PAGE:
I’ve recently been laid off and it’s been a trying time for me getting all the loose ends tied up. There is absolutely no ill-will harbored by this layoff and truth be told, it doesn’t disappoint me from an employment standpoint. These things happen and I’m not taking it personally, but it doesn’t bode well for the communities I managed.
The most important of those communities to me is Tabblo.
It’s important to note that Tabblo hasn’t received one iota of company resources in 3+ years except for the electricity powering the small portion of the server Tabblo resides on. I’ve been working on projects other than Tabblo for years, spending minutes a day making sure the site is free of junk and answering the occasional email.
Now that I’m gone the site is basically unmanned, which in my opinion is completely irresponsible. It will more than likely be overrun with spammers, porn, and wholly inappropriate content which will infest the community resulting in a slow, lingering, spam and booby-ridden death. There will be no support, no moderation, and there will be no responses for incoming email. If that is going to happen then shouldn’t it be shut down in a gracious, responsible way?
Granted, Tabblo is a smaller, legacy community that was gutted, like a fish, of it’s ability to generate revenue. The reality was that Tabblo was purchased not for the .com value but for the value in the engineers that created it. That is still no excuse to abandon the community, the members and their content. These actions and this mentality are contrary to everything I stand for as a community manager, and it bothers me not only because I manage Tabblo, but because I’m also a member.
I’ve trying to reassure the community because they are aware of the situation. However, being unable to truthfully answer questions like “What happens to Tabblo after you leave?” and “What will happen to all of the content we’ve created?” is sickening.
Member uploaded content is a big issue when considering closing a site like Tabblo. Some members have uploaded thousands of photos to the site and currently photos can only be retrieved one photo at a time! All community members should have the ability to batch download their images. That functionality doesn’t currently exist on Tabblo which means to implement such functionality resources MUST be spent.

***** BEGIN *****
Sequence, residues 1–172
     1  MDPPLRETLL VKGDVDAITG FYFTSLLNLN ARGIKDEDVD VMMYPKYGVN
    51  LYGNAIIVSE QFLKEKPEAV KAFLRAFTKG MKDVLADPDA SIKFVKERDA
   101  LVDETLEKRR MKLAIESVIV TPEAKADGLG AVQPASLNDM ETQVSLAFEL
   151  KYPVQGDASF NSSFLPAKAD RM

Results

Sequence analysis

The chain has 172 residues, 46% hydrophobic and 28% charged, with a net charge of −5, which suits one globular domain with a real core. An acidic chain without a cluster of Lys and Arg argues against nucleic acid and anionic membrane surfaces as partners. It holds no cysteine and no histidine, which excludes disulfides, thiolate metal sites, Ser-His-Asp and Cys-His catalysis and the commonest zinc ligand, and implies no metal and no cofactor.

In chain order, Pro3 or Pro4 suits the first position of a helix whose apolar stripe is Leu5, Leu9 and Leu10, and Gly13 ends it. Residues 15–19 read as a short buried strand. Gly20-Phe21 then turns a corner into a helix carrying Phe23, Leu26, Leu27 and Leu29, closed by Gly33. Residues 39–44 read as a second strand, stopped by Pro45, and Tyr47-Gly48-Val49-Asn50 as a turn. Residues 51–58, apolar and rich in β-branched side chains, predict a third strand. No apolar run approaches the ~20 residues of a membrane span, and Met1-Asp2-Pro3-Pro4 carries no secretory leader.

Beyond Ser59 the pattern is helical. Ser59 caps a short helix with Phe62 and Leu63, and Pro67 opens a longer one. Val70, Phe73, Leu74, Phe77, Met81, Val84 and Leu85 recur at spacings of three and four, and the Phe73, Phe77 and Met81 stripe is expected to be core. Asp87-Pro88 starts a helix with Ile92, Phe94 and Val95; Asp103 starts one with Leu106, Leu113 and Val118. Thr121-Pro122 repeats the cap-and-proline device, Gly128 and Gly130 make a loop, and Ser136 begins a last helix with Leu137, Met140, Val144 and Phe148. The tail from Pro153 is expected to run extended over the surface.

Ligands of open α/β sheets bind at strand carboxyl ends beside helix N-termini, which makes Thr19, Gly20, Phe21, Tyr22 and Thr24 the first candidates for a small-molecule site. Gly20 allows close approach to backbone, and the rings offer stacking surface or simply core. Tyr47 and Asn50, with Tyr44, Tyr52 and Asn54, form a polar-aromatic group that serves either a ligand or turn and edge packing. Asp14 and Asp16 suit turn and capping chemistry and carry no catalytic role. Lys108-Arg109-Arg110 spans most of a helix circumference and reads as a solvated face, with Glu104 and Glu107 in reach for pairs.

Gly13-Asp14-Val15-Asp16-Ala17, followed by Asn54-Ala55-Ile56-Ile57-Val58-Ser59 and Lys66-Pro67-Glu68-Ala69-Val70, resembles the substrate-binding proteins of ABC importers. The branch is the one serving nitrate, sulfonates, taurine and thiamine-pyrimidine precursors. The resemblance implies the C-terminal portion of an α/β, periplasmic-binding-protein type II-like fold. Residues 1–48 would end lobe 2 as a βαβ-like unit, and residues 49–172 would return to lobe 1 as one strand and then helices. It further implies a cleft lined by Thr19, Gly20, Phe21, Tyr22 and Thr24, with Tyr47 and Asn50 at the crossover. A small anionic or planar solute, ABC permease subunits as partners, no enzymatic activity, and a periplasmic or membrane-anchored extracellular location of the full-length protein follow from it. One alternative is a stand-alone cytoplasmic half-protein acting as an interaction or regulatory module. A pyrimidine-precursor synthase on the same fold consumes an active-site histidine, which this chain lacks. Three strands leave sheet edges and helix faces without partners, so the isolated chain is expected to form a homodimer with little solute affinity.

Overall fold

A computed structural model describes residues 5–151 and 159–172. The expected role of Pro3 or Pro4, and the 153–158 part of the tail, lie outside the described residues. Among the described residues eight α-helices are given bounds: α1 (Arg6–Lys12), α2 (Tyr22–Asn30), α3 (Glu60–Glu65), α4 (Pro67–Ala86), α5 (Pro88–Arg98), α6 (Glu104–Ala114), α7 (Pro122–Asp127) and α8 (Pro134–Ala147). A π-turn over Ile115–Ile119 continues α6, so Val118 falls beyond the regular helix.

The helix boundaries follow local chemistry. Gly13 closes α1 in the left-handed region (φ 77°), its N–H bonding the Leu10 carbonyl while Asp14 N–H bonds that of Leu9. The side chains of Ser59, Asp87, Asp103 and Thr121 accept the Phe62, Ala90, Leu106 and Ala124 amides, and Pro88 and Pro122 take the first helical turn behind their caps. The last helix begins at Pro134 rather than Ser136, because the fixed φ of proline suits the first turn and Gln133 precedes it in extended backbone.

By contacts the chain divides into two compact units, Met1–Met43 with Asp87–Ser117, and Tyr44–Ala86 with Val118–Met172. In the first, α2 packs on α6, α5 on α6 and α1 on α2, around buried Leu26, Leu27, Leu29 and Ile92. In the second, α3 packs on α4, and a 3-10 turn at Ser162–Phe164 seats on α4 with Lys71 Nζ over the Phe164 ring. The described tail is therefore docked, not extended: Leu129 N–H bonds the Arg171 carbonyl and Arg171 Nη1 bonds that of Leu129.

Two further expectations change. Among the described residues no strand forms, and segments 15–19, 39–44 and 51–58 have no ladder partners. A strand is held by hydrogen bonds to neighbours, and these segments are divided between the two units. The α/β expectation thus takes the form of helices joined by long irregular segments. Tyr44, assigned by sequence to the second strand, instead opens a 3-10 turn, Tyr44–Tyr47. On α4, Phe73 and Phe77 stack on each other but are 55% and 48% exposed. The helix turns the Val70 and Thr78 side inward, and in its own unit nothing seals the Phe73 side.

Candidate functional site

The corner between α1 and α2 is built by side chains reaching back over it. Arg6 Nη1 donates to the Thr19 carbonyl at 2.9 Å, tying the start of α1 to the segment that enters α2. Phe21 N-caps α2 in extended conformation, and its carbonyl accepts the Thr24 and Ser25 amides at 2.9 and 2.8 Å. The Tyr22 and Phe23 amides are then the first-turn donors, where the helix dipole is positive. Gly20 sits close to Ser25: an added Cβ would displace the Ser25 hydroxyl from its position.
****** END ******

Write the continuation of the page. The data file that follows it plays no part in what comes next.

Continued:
The onus is on the company to find those resources and create the ability to batch downloads, but I’ve been unsuccessful in convincing anyone of that.
If a potential closure is imminent, or even on the horizon, every single registered community member should be emailed, notifying them of this potential, and giving them easy access to their content…but again we run into issues with a “lack of available resources” to get that done.
Not only does this lack of action send a clear message to the members of the Tabblo community, but also to the members of the Internet community at large.
I would not be surprised to find that one day very soon we’ll see a “Tabblo has closed” page in place the login page. It defies common sense that the largest technology company the world has ever known can’t allocate enough resources to do the right thing by these loyal community members.
So please forgive my lack of social media zeal…I’ve been terribly preoccupied by this issue and my time to act on behalf of Tabblo is fading quickly!
How have you dealt with a lack of resources?
Has anything like this ever happened to you?
I’d dig some insight.
Posted on 15 June 2011 | 5 responses
I don’t believe there was a bigger hit at E3 than Battlefield 3, but the “Physical Warfare pack“ has caused quite a stir due of the addition of premium content available in limited editions of the game. Many people have cried “foul” but I don’t think there is any proof to support these claims of gross inequity and here is why…
During the PAXEast convention I attended the Turbine keynote given by the great Fernando Paiz. He discussed the premium content model used in LoTRo, Dungeons and Dragons Online, and other popular games.